Trump’s Win on Turkey Provides an Opening
(The Bloomberg View) -- The return of Andrew Brunson from Turkey is a rare foreign-policy win for U.S. President Donald Trump: Economic sanctions and strong words worked. The line from Turkey, that the American pastor was released as a matter of due process, gives President Recep Tayyip Erdogan cover for his retreat — but it’s a retreat nonetheless.
The move creates an opportunity for both sides. Erdogan has just acknowledged that he needs U.S. support to contend with domestic and regional problems. Equally, American economic and security interests in the Middle East and Central Asia require closer cooperation with Turkey.
Having removed one big hurdle to reconciliation, Erdogan must deal with the others. He can start by releasing the NASA scientist Serkan Golge and three local employees of the U.S. mission to Turkey. He should cancel plans to buy Russia’s S-400 missile-defense system, which is incompatible with NATO requirements and with Turkey’s acquisition of F-35 jets. And he should drop his long-standing demand to extradite Fethullah Gulen, the Turkish cleric living in exile in the U.S., whom Erdogan blames for the attempted coup in 2016. (Gulen denies involvement, and Turkey cannot expect the U.S. to kick him out without evidence.)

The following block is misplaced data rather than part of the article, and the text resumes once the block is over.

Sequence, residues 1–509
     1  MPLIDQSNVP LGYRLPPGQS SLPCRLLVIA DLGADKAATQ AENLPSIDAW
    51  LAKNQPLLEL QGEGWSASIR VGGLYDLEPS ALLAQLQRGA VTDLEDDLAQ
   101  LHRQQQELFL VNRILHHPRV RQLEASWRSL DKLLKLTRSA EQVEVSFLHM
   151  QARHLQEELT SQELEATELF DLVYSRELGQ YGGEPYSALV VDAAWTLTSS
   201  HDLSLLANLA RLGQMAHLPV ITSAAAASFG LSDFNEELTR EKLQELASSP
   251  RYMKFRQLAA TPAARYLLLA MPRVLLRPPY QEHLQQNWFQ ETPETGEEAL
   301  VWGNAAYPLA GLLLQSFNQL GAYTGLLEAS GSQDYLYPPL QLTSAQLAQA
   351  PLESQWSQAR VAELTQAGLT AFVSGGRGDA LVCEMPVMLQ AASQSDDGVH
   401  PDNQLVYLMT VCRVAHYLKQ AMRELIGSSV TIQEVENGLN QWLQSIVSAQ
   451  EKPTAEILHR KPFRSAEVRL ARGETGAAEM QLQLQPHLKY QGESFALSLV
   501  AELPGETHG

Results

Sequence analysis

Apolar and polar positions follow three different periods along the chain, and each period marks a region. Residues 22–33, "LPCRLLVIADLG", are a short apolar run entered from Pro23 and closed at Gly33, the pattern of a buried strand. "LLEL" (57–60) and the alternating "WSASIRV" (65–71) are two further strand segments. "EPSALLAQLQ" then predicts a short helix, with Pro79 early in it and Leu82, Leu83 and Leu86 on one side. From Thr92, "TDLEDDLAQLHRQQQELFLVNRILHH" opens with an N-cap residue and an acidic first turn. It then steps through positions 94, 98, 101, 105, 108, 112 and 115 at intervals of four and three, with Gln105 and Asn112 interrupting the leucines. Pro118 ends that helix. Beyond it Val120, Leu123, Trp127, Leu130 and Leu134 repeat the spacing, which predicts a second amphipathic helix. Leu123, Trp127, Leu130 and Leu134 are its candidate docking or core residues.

The two leaders should try harder to align American and Turkish aims in Syria. Both want to eliminate Islamic terrorist groups but disagree on the role of Kurdish militias. Erdogan has indulged in needlessly bellicose rhetoric, and the U.S. has reduced its use of the Incirlik air base. Confronting terrorist groups and restraining Iran’s influence in the region are too important to let this disagreement fester.
A lot is resting on better relations between the U.S. and Turkey. The pastor’s return provides an opening.
Editorials are written by the Bloomberg View editorial board.
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